Australia to create special force for Facebook and Google to protect privacy
The move tightens the regulatory screws on the online platforms, which have governments from the United States to Europe scrambling to address concerns ranging from anti-trust issues to the spread of “fake news” and hate speech.
Australian Treasurer Josh Frydenberg said the $5 billion fine slapped on Facebook in the United States this month for privacy breaches showed regulators were now taking such issues extremely seriously.
“These companies are among the most powerful and valuable in the world,” Frydenberg told reporters in Sydney after the release of a much-anticipated report on future regulation of the dominant digital platforms.
“They need to be held to account and their activities need to be more transparent.”
Canberra would form a special branch of the Australian Competition and Consumer Commission (ACCC), the antitrust watchdog, to scrutinize how the companies used algorithms to match advertisements with viewers, giving them a stronghold on the main income generator of media operators.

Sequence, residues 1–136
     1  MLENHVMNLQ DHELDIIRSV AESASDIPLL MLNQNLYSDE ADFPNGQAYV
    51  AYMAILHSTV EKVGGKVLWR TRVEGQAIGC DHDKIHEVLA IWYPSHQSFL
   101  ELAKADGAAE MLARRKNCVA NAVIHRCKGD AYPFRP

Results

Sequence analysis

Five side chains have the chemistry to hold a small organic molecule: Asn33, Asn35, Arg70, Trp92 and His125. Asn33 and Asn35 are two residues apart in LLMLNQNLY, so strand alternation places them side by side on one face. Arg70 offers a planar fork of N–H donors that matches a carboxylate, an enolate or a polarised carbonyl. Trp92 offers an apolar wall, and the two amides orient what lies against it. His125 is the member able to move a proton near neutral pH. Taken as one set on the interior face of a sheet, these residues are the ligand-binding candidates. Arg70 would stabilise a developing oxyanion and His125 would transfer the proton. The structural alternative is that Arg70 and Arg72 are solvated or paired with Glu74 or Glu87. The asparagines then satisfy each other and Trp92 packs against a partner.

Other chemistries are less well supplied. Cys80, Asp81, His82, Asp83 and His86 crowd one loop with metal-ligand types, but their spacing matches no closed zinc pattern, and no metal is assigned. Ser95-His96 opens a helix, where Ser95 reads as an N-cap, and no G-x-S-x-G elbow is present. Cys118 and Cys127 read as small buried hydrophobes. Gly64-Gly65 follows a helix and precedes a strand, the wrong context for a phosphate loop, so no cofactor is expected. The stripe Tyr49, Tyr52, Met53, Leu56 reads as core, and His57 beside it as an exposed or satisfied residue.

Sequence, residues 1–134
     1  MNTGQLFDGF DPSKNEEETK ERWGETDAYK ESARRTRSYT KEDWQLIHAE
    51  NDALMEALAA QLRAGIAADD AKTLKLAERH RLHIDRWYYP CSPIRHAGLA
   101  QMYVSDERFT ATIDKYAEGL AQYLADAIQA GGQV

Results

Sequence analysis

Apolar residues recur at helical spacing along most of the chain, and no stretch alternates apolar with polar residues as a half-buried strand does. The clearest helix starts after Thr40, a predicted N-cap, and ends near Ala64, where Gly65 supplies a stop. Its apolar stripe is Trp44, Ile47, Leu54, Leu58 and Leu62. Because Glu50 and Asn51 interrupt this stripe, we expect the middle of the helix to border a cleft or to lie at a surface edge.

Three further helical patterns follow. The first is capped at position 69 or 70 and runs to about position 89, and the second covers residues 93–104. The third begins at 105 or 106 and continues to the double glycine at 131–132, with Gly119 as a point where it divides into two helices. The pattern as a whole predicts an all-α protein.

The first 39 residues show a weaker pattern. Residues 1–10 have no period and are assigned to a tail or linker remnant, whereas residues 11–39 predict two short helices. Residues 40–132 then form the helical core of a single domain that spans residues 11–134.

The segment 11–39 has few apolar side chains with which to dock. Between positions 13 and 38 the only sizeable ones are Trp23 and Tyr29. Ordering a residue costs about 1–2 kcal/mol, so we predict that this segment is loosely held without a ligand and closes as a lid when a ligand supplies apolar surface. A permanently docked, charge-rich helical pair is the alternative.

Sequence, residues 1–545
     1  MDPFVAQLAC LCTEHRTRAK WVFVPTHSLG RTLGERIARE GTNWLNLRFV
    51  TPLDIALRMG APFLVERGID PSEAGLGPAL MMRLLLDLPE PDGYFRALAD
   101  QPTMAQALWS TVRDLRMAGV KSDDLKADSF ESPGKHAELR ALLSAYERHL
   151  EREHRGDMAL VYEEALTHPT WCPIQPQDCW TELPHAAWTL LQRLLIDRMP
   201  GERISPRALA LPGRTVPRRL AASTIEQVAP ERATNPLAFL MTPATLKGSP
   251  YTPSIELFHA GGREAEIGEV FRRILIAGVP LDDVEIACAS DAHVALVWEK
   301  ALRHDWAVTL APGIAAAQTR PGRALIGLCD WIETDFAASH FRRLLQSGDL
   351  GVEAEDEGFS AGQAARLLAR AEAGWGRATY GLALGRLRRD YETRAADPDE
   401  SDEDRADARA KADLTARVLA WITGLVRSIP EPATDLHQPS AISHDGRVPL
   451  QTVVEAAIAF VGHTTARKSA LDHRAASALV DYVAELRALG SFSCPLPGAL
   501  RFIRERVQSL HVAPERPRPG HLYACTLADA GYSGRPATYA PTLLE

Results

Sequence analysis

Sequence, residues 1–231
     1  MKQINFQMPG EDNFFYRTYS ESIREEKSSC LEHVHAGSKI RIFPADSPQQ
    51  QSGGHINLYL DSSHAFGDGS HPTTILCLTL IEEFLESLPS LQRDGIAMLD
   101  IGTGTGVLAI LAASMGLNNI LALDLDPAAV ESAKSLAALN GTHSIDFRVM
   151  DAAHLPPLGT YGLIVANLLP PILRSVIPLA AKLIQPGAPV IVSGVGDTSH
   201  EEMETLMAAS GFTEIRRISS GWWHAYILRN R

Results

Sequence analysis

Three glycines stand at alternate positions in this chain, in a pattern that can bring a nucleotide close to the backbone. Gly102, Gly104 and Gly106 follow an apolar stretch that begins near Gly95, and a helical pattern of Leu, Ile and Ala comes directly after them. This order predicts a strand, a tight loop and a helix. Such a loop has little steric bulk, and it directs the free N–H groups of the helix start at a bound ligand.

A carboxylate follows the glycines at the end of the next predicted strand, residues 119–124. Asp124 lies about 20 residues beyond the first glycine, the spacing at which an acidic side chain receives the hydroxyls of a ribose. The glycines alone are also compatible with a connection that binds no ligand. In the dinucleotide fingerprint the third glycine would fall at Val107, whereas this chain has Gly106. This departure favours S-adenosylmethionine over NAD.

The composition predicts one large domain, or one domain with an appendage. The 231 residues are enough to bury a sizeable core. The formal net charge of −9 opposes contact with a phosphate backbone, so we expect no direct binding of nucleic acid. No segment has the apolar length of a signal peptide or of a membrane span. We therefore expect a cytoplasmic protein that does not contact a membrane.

The new office was one of 23 recommendations in the ACCC’s report, including strengthening privacy laws, protections for the news media and a code of conduct requiring regulatory approval to govern how internet giants profit from users’ content.
Frydenberg said the government intended to “lift the veil” on the closely guarded algorithms the firms use to collect and monetize users’ data, and accepted the ACCC’s “overriding conclusion that there is a need for reform”.
The proposals would be subject to a 12-week public consultation process before the government acts on the report, he added. ■